Cost-output Relationship

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# Cost-output Relationship - PowerPoint PPT Presentation

Cost-output Relationship. Cost-output relationship has 2 aspects: Cost-output relationship in the short run, Cost-output relationship in the long run The SR is a period which doesn’t permit alterations in the fixed equipment (machinery , building etc) &amp; in the size of the org.

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### Cost-output Relationship

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Cost-output relationship has 2 aspects:

• Cost-output relationship in the short run,
• Cost-output relationship in the long run
• The SR is a period which doesn’t permit alterations in the fixed equipment (machinery , building etc) & in the size of the org.
• The LR is a period in which there is sufficient time to alter the equipment (machinery, building, land etc.) & the size of the org. output can be increased without any limits being placed by the fixed factors of production

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Short Run may be studied in terms of

• Average Fixed Cost
• Average Variable Cost
• Average Total cost

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Total, average & marginal cost

1. Total cost (TC) = TFC + TVC, rise as output rises

2. Average cost (AC) = TC/output

3. Marginal cost (MC) = change in TC as a result

of changing output by one unit

• Fixed cost & variable cost

1.Total fixed cost (TFC) = cost of using fixed factors = cost that does not change when output is changed, e.g.

2. Total variable cost (TVC) = cost of using variable factors = cost that changes when output is changed,

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Average Fixed Cost and Output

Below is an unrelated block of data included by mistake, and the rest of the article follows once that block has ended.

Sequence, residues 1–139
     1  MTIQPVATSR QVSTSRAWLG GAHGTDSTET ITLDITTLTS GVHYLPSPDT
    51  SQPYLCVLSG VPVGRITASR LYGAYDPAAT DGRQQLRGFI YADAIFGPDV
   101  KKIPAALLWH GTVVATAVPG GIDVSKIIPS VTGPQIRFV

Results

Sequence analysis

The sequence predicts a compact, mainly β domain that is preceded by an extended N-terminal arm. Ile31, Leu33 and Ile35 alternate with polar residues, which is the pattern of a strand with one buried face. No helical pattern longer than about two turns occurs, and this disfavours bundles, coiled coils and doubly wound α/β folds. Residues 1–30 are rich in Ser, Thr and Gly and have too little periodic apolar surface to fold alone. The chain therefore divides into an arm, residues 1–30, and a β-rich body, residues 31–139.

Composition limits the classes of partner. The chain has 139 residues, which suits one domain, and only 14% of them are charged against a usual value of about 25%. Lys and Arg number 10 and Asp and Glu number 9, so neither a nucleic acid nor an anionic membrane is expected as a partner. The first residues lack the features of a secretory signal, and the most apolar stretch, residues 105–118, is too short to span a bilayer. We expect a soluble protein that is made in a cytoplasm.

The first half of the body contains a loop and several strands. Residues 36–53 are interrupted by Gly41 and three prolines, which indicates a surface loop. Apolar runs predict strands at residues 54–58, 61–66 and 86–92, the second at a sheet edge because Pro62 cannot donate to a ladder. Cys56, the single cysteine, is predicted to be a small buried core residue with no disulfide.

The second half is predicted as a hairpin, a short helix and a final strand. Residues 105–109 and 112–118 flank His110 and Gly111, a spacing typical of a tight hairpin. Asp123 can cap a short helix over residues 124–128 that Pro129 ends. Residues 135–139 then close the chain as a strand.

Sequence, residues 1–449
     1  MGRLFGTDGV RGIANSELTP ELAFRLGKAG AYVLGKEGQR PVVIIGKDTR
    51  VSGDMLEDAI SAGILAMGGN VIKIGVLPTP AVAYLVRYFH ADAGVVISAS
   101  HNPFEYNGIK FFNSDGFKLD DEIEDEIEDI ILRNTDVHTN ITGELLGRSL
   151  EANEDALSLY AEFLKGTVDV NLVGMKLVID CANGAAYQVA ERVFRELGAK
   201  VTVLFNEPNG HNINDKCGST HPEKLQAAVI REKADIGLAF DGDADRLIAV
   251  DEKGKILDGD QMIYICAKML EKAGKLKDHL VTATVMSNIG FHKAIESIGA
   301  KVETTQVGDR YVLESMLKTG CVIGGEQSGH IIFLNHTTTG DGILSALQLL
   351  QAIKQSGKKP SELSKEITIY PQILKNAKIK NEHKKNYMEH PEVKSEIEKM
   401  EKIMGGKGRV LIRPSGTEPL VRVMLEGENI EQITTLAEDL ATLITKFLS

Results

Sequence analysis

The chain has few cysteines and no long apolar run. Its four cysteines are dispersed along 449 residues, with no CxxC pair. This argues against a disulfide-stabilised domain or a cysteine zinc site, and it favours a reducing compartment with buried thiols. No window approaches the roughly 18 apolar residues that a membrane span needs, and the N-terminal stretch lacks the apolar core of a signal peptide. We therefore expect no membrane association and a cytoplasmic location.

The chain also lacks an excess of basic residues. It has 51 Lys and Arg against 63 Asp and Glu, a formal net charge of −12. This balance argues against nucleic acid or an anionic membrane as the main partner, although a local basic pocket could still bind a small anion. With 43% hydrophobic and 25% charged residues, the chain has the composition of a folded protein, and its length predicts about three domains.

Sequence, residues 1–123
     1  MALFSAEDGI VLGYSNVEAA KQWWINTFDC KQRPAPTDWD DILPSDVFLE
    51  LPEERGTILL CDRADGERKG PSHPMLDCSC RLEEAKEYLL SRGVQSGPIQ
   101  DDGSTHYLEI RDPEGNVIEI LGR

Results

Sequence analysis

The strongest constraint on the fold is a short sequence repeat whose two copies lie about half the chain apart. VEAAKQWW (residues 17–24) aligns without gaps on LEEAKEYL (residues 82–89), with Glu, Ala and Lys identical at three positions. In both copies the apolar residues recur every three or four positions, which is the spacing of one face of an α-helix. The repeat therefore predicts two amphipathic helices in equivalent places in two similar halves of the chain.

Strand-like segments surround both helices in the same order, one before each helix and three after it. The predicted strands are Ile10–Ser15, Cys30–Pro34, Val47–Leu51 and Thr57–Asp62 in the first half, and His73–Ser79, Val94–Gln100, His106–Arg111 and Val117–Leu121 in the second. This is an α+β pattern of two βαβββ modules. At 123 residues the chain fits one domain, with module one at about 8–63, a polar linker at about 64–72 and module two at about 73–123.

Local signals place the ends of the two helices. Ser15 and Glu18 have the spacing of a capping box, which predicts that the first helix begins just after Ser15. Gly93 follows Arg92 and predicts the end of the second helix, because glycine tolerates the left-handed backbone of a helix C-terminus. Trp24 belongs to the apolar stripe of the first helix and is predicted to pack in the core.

• The greater the output, the lower the fixed cost per unit, i.e. the average fixed cost.
• Total fixed costs remain the same & do not change with a change in output.

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Average Variable Cost and output

• The avg. variable costs will first fall & then rise as more & more units are produced in a given plant.
• Variable factors tend to produce somewhat more efficiently near a firm’s optimum output than at very low levels of output.
• Greater output can be obtained but at much greater avg variable cost.
• E.g. if more & more workers are appointed, it may ultimately lead to overcrowding & bad org. moreover, workers may have to be paid higher wages for overtime work.

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Average Total cost and output

• Average total cost, also known as average costs, would decline first & then rise upwards.
• Average cost consists of average fixed cost plus average variable cost.
• Average fixed cost continues to fall with an increase in output while avg. variable cost first declines & then rises.

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So , as Avg. variable cost declines the Avg. total cost will also decline. But after a point the Avg. variable cost will rise.

• When the rise in AVC is more than the drop in Avg. fixed cost that the Avg. total cost will show a rise.

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long run period enables the producers to change all the factor & he will be able to meet the demand by adjusting supply. Change in Fixed factors like building, machinery, managerial staff etc..

• All factors become variable in the long run.
• In the long run we have only 3 costs i.e. total cost, Average cost & Marginal Cost

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1. Total cost (TC) = TFC + TVC, rise as output rises

2. Average cost (AC) = TC/output

3. Marginal cost (MC) = change in TC as a result

of changing output by one unit

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When all the short run situations are combined, it forms the long run industry.

• During the SR, Demand is less & the plant’s capacity is limited. When demand rises, the capacity of the plant is expanded.
• When SR avg. cost curves of all such situations are depicted, we can derive a long run cost curve out of that.
• We can make a LR cost curve by joining the tangency points of all SR curves

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• In the long run, we can build any size factory we wish, based on anticipated demand, profits, and other considerations.
• Once the plant is built, we move to the short run. Therefore, it is important to forecast the anticipated demand. Too small a factory and marginal costs will be high as the factory is stretched to over produce.
• Conversely too large a factory results in large fixed costs (e.g.. air conditioning, or taxes) and low profitability.

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Thank You

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